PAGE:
Funded by: University of Vienna (February 2013 – July 2017), Marietta-Blau-Grant (September 2014 – September 2015), China Scholarship Council (September 2014 – June 2015)
Project by: Christof Lammer
Supervised by: Tatjana Thelen

Kinship and Politics: Rethinking a Conceptual Split and its Epistemic Implications in the Social Sciences

For a long time the decline of kinship in the course of Western history seemed so certain that there was little interest in research on this topic outside the study of "traditional" societies in anthropology and history. Central to Western self-understanding in the twenty-first century is that kinship plays no role in politics. This separation has a long genealogy and enormous consequences for research and policy-making. Particularly in the domain of modern politics the presence of kinship was (and is) seen as something to be exorcised in order to establish rational administrative systems, mobilise colonial populations and even destroy terrorist infrastructures. It is behind distinctions between modern and traditional, between Western and "Other" societies.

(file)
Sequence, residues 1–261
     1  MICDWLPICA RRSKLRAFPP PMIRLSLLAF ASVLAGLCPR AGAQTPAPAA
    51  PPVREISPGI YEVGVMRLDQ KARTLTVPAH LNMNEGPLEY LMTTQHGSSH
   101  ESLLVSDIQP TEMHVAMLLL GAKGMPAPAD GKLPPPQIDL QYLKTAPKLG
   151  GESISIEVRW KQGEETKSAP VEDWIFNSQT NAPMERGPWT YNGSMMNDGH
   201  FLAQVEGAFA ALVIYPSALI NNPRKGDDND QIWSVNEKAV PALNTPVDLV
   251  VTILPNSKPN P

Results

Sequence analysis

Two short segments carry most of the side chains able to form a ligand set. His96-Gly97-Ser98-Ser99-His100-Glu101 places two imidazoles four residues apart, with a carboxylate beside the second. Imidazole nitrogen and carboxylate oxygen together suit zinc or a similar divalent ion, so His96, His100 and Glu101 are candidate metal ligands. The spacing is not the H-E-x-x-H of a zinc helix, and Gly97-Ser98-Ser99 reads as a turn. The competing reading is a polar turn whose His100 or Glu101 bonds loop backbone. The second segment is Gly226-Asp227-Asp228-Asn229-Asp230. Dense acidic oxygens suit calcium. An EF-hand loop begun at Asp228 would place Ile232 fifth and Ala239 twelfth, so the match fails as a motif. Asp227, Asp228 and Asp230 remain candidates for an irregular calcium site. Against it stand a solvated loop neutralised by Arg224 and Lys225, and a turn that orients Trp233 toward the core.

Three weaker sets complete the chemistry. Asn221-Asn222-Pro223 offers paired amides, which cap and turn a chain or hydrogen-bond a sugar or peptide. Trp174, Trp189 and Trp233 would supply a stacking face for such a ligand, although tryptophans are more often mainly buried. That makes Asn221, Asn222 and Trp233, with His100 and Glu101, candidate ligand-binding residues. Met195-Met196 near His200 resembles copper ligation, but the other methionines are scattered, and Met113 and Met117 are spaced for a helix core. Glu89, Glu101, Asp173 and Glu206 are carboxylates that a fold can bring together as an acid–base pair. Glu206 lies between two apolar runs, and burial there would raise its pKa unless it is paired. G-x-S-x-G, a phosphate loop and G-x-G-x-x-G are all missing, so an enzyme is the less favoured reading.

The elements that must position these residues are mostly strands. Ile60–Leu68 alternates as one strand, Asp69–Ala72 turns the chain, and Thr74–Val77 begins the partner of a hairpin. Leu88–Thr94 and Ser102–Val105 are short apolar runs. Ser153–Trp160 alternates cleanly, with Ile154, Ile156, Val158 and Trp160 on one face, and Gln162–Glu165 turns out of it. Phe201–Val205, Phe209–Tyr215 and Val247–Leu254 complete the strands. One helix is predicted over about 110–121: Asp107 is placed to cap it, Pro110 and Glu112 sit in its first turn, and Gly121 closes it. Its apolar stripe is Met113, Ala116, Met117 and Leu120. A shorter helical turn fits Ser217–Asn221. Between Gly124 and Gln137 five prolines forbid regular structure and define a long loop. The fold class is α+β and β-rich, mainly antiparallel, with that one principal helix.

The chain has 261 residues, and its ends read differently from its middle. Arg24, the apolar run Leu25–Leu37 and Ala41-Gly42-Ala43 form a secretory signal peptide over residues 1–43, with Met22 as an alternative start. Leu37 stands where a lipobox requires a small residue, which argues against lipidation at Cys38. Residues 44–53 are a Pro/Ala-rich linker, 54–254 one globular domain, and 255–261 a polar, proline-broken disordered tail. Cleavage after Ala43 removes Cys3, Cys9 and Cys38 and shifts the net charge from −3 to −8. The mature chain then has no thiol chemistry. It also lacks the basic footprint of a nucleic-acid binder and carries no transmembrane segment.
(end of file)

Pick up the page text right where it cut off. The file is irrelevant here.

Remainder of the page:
The aim of our research group is to revisit this conceptual division between kinship and the state. Our research begins with a re-examination of the categories of "politics", "kinship" and "family" in anthropology and history. Both disciplines have contributed decisively to the opposition of state and kinship, change and structure, the West and the Rest. Yet recently both disciplines have been questioning the epistemological foundations of these oppositions, each in its own way. The results of their critiques have largely remained within the respective discipline, while a broader interdisciplinary setting is needed to develop their implications for the social sciences at large.